IPO Growth Expected to Accelerate in 2011

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Both the size and number of initial public offerings (IPOs) in the U.S. is likely to grow in 2011, according to a recent survey of investment banking executives by BDO USA, LLP. Nearly three-fourths of the execs predict growth, with 24 percent saying it will be substantial.

About 150 IPOs were completed in 2010, or nearly double the 63 that took place in 2009, says Brian Eccleston, a partner in BDO's capital markets practice. For next year, the number is expected to grow modestly, to about 170 to 175.

More significantly, deal sizes are expected to show solid increases. The average deal in 2010 was about $250 million; if you back out GM's history-making $20 billion IPO, that drops to $150 million. For 2011, the average deal is expected to be in the range of $270 million, or nearly double the 2010 ex-GM average, Eccleston notes. That equates to a total IPO market of $45 billion.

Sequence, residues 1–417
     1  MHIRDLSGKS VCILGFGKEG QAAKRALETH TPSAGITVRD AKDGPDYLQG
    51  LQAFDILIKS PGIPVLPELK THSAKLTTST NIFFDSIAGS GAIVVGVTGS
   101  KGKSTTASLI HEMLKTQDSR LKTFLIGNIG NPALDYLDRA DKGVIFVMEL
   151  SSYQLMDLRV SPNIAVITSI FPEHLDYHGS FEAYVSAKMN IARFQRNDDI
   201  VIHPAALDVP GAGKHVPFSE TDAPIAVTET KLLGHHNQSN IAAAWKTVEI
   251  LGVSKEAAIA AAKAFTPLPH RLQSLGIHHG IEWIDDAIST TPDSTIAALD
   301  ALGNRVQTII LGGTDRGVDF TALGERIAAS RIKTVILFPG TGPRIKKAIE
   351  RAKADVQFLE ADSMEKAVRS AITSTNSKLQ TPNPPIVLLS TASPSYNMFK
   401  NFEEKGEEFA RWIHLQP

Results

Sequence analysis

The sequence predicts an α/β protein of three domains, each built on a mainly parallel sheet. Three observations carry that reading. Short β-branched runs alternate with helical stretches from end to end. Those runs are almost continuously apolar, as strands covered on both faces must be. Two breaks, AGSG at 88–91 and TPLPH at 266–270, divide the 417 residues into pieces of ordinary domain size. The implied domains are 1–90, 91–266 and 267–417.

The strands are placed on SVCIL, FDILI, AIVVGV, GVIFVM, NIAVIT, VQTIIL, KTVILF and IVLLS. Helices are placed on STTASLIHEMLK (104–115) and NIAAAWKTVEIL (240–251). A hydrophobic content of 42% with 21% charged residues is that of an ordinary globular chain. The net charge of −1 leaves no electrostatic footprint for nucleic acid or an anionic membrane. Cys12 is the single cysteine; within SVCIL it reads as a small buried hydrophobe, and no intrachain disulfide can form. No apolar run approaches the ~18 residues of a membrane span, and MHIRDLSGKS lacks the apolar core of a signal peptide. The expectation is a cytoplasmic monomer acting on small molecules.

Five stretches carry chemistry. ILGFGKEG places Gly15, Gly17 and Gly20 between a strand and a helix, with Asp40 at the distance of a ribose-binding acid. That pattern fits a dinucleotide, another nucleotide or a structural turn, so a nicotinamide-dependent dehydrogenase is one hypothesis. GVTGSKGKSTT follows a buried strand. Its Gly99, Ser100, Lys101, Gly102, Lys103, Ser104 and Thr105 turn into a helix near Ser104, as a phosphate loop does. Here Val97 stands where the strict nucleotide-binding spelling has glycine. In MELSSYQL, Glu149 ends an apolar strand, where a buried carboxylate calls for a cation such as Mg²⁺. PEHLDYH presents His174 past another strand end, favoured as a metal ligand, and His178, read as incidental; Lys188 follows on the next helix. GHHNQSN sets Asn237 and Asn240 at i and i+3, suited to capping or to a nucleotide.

What's driving the growth? “There seems to be an expectation that private equity holdings that had been held back” now are coming into the market, now that it's loosened up, Eccleston notes. In addition, many private equity and venture capital firms are looking for some returns to provide their investors, so that they can raise new money. Nearly half – 47 percent – of investment bankers say that private equity portfolios will be the greatest source of IPOs in 2011.

The industries likely to lead the way are – no surprise – technology, energy and natural resources, and biotech.

While corporate CFOs can view the forecast as one sign of an increase in the opportunities available to do deals, investors will be focused on firms with long-term growth potential, stable cash flows, and profitability. “You still need the right company, the right time, and a good story,” Eccleston notes. ###

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Karen Kroll supplies the Business Finance community with reporting and commentary examining cash management and treasury-related topics.

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